University of Vermont Extension
Department of Plant and Soil Science

Winter News Article


Charlie Nardozzi, Senior Horticulturist
National Gardening Association, and
Dr. Leonard Perry, Extension Professor
University of Vermont

Testing seeds you’ve saved, making cuttings of African violets, brushing snow from shrubs, and watering properly are some of the gardening tips for this month.

Once you’ve trained birds to come to your feeders, make sure and keep them stocked with high quality bird seed and suet.  Poor quality seeds, which are often cheap, often don’t provide birds sufficient energy to survive our cold winters.  Birds also need water, which you can provide throughout the winter by using a plug-in birdbath heater. This plugs into an outdoor outlet, which should be grounded for safety.

African violets make great houseplants and will flower in winter if given supplemental light or bright northern light. To propagate new plants, take a leaf cutting, dip the cut end in a rooting hormone powder, and stick the cutting in a pot filled with vermiculite or sand. Cover the pot with a perforated clear plastic bag and keep the soil moist. In a few weeks you'll have new plants.

As with any houseplant, don’t overwater African violets.  A good way to water them is to put some water in the saucer, which can then be absorbed through the holes in the bottom of pots.  This also helps keep water off the leaves of these plants, avoiding spotting.  Just make sure the plants don’t sit in the water for more than an hour or two.

Remember when watering to feel the temperature of the water.  Often in winter it may come out of the tap quite cold, which can then shock the roots of your tropical houseplants.  Ideal for watering your plants in winter is water that is lukewarm, or just slightly warm to the touch.

If you save seeds from year to year, it's time to do a germination test so you'll know if they will germinate well this year, or if it's time to order new seeds. To do this, place ten seeds between two sheets of moist paper towels and tuck into a loosely tied plastic bag. Place in a warm area, and check every few days. If germination is less than 80 percent (8 seeds), consider purchasing new seed of that crop, or sowing more if you have them.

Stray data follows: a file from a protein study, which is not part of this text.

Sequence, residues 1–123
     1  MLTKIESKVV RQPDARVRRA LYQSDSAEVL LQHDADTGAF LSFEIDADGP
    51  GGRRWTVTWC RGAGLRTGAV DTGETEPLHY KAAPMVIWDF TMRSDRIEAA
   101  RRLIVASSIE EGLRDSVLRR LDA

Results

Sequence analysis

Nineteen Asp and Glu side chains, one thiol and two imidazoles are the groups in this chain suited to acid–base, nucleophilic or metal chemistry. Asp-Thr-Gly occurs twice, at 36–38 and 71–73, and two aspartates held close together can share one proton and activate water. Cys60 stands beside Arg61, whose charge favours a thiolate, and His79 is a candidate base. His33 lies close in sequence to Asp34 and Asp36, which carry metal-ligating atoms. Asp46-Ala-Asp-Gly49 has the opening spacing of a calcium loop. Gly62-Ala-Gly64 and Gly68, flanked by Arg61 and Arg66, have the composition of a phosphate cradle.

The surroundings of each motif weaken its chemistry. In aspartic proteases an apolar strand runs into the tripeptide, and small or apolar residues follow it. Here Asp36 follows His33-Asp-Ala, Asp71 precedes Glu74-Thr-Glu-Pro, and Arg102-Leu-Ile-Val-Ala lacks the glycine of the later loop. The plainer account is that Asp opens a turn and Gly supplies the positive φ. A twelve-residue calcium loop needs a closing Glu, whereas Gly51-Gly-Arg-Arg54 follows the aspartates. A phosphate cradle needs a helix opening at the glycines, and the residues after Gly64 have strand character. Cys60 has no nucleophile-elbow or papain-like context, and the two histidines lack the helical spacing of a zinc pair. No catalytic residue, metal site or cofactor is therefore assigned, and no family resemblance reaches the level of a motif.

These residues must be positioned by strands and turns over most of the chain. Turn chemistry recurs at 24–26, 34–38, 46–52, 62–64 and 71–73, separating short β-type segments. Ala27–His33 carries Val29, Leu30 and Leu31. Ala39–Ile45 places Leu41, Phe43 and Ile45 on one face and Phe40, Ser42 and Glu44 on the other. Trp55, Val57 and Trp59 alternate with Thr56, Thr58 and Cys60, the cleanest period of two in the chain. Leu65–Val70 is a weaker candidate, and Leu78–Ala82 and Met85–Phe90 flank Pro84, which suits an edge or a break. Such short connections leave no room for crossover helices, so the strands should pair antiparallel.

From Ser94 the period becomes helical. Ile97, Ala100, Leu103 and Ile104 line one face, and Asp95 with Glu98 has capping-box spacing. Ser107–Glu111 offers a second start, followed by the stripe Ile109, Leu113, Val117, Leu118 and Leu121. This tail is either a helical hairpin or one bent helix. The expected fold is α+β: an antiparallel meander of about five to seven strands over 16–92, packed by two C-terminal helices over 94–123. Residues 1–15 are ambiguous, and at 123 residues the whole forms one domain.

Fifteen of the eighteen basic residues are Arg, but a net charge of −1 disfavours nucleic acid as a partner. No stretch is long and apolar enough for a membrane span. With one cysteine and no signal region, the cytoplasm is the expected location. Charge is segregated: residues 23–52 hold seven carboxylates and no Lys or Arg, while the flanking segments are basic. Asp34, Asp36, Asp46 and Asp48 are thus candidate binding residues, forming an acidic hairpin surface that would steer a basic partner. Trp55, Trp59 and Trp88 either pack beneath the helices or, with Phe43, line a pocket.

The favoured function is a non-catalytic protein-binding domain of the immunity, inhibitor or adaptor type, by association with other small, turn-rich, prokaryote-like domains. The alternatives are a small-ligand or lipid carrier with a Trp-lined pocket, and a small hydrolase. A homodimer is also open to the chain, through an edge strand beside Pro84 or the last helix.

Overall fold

Snowfalls can be tough on trees and shrubs by weighing down the branches. Gently brush off most of the snow with a broom or by hand. Don't use a shovel, which can injure the branches. If there is ice buildup, it's best to let it melt because it's easy to break off the brittle branches if you try to remove it.

If you've noticed tiny black flies in your house, especially when you brush your houseplants, it's possible they may have fungus gnats. Though annoying when they flit about, the 1/8-inch long adult insects are harmless. Their tiny, worm-like larvae live in moist soil, and also cause little or no damage to plants. To control them, allow soil to dry out between waterings, cover the soil with a layer of sand, use sticky traps which you can buy at complete garden stores, or drench the soil with a biological control.

If your holiday flowers and foliage have white streaks on them, your plants may have thrips. These tiny, straw-colored insects feed by sucking the plant juices, causing the discoloration. If you see signs of thrips, begin spraying plants with insecticidal soap every three days for about two weeks. As with any pesticide, be sure and read the label and observe precautions (even for least toxic controls).

Before the main pruning season starts, take apart hand pruners and shears, sharpen the blades, oil the levers, and remove any rust. Pruning trees will go much faster and be easier on your hands when you use sharp, well-maintained equipment.

Speaking of tools, if the handles of your small tools are faded or wood, why not paint them so you can easily find them in the garden?  Among other tips for January, order seed catalogs and check sources online, then place orders early.  It’s easy to get carried away, so only order what you can realistically handle.

Early in the month, if disposing of your Christmas tree, why not put it out for the birds to use over winter.  Sweep up any needles for fragrant potpourri.  If disposing of wreaths and other greens, lay them on newspaper to dry, then collect their needles for potpourri as well.  You can then enjoy the smells of the holidays all through winter.

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